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Friday, 28 October 2011

Stars create complex organic molecules

Complex organic molecules like those on which life is based exist throughout the universe and can be made naturally by stars, European Space Agency data has revealed.
Professor Sun Kwok and Dr Yong Zhang of the University of Hong Kong say they've found compounds so complex that their chemical structures resemble those of coal and petroleum.
The find suggests that complex organic compounds can be synthesized in space without the presence of life forms.
"Our work has shown that stars have no problem making complex organic compounds under near-vacuum conditions," says Kwok. "Theoretically, this is impossible, but observationally we can see it happening."
The researchers were investigating a set of infrared emissions detected in stars, interstellar space and galaxies, and known as Unidentified Infrared Emission features.
These signatures were believed to have come from simple organic molecules made of carbon and hydrogen atoms, called polycyclic aromatic hydrocarbon (PAH) molecules.
But, using the Infrared Space Observatory and the Spitzer Space Telescope, Kwok and Zhang discovered that the spectra have features that can't be explained by PAH molecules.
Instead, they say, the substances generating these infrared emissions have chemical structures that are much more complex.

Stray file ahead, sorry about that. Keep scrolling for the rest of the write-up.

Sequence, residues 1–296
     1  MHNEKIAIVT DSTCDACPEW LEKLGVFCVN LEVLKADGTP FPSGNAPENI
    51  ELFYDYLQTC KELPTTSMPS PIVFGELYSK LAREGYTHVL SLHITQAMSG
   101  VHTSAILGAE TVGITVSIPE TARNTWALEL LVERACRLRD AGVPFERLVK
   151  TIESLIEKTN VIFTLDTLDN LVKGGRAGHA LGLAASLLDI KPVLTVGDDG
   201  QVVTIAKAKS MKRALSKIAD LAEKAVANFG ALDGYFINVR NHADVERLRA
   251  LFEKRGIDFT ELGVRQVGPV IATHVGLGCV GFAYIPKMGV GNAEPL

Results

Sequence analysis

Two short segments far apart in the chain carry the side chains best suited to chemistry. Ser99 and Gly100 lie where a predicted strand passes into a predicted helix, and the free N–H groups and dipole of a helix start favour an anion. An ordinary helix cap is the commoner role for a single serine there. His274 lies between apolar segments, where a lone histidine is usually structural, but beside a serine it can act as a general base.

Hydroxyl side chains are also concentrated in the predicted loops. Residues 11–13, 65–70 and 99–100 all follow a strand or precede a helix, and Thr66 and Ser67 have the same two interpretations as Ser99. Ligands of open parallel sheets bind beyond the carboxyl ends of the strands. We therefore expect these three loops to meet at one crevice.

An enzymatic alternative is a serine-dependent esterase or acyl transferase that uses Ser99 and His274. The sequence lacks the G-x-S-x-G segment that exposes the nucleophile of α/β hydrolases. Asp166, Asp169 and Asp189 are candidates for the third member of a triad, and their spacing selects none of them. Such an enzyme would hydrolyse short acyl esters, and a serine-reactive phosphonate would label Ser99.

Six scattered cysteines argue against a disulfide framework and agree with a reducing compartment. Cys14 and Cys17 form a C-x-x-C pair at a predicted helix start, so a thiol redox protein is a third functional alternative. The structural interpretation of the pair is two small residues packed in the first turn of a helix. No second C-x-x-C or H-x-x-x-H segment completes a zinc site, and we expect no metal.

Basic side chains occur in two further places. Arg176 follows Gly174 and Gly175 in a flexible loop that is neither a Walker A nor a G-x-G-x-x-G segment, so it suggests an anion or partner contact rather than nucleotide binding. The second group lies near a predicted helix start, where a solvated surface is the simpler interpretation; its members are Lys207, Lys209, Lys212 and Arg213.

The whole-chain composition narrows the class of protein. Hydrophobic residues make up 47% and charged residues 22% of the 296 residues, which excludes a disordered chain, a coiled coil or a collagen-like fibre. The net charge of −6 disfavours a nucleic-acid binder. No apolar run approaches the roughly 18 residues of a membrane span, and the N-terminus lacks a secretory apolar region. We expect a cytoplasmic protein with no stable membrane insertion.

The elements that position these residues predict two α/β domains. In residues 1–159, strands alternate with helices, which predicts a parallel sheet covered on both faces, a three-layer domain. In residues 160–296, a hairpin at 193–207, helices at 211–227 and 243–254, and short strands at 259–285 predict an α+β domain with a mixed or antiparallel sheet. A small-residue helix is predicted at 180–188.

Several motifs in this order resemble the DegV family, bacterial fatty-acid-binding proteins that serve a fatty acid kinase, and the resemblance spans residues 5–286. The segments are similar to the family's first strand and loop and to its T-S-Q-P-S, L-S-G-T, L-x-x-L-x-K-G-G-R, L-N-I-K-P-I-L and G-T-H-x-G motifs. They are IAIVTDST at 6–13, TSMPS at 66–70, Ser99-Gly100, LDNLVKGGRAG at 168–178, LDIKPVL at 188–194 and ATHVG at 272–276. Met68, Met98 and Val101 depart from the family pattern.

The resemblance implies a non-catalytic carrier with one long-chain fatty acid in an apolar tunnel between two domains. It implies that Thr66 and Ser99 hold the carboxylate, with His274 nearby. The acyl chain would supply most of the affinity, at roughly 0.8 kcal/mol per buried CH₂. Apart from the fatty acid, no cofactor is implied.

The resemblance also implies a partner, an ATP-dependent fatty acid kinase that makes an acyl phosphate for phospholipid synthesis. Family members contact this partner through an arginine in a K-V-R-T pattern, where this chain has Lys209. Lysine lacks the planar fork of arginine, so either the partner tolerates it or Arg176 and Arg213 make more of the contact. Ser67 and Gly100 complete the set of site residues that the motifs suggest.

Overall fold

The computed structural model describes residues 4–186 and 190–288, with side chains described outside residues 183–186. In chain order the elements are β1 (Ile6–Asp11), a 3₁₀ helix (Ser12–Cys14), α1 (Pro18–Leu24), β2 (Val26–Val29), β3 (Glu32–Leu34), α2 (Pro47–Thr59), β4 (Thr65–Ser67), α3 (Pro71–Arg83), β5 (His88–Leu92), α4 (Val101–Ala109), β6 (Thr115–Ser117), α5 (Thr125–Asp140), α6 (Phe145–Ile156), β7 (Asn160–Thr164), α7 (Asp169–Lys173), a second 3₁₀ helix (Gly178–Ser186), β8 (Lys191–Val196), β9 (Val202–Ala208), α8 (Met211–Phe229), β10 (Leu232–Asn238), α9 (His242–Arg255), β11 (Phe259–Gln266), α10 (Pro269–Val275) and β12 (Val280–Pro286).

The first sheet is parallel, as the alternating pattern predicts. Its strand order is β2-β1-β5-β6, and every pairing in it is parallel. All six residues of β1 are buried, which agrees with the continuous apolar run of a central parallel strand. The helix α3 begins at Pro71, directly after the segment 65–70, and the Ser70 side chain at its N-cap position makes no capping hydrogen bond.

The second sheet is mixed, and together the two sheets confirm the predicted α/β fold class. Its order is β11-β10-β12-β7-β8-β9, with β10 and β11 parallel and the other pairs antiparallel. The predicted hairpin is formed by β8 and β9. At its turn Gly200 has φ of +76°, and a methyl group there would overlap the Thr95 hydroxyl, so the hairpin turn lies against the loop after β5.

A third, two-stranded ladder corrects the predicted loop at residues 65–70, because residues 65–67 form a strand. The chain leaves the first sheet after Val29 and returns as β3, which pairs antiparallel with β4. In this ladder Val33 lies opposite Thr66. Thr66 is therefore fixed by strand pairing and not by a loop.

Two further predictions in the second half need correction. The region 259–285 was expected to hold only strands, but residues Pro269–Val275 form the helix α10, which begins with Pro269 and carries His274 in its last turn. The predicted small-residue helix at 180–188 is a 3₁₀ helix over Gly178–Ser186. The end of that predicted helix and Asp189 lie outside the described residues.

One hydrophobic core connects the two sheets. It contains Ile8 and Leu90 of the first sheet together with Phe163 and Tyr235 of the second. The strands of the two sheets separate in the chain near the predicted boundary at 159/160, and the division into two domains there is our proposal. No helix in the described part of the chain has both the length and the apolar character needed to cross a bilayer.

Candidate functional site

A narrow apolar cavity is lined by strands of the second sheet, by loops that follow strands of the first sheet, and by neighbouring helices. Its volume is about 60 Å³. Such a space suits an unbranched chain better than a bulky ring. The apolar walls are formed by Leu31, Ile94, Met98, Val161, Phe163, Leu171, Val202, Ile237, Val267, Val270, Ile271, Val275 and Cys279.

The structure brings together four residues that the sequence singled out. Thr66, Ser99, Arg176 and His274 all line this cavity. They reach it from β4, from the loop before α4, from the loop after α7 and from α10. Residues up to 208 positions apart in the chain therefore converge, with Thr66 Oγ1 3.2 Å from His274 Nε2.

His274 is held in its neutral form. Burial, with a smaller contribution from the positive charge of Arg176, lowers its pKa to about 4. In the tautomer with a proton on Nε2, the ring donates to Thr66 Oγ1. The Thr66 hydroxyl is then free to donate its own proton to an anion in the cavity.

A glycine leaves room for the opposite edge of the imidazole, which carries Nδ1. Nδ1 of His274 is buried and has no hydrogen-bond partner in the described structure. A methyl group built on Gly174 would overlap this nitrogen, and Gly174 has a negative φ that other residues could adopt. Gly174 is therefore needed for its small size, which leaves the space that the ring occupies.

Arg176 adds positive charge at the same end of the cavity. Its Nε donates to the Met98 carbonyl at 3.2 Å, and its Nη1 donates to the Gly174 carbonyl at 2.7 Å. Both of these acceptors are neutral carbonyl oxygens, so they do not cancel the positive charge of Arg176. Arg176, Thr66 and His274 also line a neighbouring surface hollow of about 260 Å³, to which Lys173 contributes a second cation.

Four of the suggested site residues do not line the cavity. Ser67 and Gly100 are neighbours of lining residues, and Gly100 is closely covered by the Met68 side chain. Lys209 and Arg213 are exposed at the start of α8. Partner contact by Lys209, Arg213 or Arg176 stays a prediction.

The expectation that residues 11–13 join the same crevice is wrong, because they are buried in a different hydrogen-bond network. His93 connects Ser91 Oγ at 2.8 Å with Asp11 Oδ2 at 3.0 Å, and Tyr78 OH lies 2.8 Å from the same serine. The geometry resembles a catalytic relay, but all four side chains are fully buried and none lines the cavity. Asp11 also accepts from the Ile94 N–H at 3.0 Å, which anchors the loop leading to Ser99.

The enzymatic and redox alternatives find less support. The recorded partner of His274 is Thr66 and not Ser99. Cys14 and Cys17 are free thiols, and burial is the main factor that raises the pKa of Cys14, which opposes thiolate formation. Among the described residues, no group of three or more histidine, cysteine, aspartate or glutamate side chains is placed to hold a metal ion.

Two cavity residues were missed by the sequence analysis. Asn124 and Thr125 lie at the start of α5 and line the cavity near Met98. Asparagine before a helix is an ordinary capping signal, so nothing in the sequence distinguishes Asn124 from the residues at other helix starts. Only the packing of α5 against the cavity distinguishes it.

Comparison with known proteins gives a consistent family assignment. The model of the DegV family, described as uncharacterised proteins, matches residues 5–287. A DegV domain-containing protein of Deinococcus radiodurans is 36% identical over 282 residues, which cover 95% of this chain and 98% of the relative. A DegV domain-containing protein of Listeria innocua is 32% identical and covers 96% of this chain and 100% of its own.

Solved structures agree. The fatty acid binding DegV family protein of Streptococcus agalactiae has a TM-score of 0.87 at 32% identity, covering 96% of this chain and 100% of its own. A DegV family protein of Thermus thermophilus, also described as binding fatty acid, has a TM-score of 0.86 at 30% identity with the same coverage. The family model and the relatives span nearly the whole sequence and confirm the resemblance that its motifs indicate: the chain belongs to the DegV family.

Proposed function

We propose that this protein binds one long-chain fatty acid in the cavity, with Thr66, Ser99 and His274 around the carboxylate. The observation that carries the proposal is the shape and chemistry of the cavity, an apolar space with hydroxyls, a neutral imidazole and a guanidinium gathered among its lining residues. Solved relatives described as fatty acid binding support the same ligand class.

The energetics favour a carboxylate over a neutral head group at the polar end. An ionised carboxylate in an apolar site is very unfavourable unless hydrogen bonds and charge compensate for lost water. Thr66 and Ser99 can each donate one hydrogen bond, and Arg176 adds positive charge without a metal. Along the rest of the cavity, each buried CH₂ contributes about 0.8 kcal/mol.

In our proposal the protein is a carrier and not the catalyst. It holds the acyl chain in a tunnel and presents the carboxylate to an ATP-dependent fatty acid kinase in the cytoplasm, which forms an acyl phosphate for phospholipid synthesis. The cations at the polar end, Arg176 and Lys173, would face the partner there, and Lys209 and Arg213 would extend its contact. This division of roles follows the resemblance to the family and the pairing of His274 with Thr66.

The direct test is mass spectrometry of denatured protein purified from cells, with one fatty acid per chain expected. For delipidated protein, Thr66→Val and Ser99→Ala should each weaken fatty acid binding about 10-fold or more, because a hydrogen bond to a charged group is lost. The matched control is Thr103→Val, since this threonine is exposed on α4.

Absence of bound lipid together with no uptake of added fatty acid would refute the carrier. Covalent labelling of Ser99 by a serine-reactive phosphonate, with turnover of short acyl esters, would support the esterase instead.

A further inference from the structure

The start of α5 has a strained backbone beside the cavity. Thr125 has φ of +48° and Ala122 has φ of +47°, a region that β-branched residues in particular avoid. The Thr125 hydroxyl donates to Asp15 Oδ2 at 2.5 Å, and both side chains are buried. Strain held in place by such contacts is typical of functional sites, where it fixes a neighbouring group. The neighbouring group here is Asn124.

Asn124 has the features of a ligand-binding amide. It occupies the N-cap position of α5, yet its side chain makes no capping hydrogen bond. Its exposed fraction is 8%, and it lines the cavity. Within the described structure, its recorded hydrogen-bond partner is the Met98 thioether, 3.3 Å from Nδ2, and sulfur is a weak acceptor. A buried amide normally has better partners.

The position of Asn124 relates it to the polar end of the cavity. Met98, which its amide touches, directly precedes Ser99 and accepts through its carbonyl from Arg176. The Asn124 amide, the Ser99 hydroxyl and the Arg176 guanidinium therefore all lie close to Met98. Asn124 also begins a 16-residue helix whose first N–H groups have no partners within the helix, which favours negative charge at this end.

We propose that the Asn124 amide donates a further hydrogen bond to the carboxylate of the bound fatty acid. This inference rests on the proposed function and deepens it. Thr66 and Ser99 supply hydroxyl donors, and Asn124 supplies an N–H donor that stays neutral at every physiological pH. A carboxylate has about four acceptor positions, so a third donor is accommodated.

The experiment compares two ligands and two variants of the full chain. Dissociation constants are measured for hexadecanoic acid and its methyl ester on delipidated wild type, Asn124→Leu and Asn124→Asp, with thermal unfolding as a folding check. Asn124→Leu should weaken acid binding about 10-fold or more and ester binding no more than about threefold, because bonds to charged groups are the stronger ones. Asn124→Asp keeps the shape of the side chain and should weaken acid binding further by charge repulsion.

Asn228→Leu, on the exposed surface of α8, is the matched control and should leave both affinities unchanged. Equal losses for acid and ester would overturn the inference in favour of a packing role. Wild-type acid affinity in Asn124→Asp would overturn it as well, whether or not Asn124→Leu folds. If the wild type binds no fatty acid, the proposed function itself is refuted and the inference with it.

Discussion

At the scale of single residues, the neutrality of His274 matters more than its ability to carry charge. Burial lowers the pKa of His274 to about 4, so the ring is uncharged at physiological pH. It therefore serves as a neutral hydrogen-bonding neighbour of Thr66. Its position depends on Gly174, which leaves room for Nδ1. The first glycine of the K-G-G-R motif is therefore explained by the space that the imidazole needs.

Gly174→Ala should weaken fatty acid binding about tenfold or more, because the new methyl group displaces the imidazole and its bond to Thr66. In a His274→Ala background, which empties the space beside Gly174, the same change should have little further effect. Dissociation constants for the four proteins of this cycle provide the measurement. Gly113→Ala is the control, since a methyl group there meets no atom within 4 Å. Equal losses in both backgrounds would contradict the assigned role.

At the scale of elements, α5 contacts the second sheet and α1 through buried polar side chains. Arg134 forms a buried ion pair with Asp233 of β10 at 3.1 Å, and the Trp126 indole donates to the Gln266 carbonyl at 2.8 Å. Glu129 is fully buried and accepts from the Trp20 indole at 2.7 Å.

Analysis of the spectra of star dust formed in novae shows that stars are making these complex organic compounds in a matter of weeks, and then ejecting it into the general interstellar space.
Interestingly, this organic star dust is similar in structure to the complex organic compounds found in meteorites, and could form their source. Thus, it's possible that life on Earth developed from this organic star dust

Battered asteroid Lutetia revealed as ancient baby planet that never fully formed

A battered, pockmarked object floating in the asteroid belt between Mars and Jupiter has been revealed as an ancient fledging planet, formed when Earth was in its infancy.
The European Space Agency’s comet-hunting probe Rosetta flew past the asteroid Lutetia last year and studied it with thermal and spectroscopic sensors.
What it discovered is that Lutetia is no ordinary asteroid – but actually a primitive ‘mini-world’ that used to be round and may even have tried to grow a metal heart like a fully formed planet.
For the crater good: Lutetia has been revealed as a fledgling planet containing huge amounts of iron that was around when Earth was born
For the crater good: Lutetia has been revealed as a fledgling planet containing huge amounts of iron that was around when Earth was born
Astronomers believe that Lutetia should really be described as a planetesimal, a body formed from clumps of cosmic grains.

These have the potential to grow into planets, because once they reach around 3,000 feet in width they develop gravity that can attract other masses.
Asteroids, on the other hand, are formed from collisions between planets and other asteroids.
Rosetta flew past Lutetia on 10 July 2010 at a speed of nine miles a second and came within 1,969 miles of it.
Heavenly body: The ESA's Rosetta probe analysed Lutetia with thermal and spectroscopic sensors to reveal that it is no ordinary floating rock
Heavenly body: The ESA's Rosetta probe analysed Lutetia with thermal and spectroscopic sensors to reveal that it is no ordinary floating rock
At the time, the 80-mile-long asteroid was the largest encountered by a spacecraft.
Images from Rosetta’s instruments reveal that parts of Lutetia’s surface are around 3.6billion years old.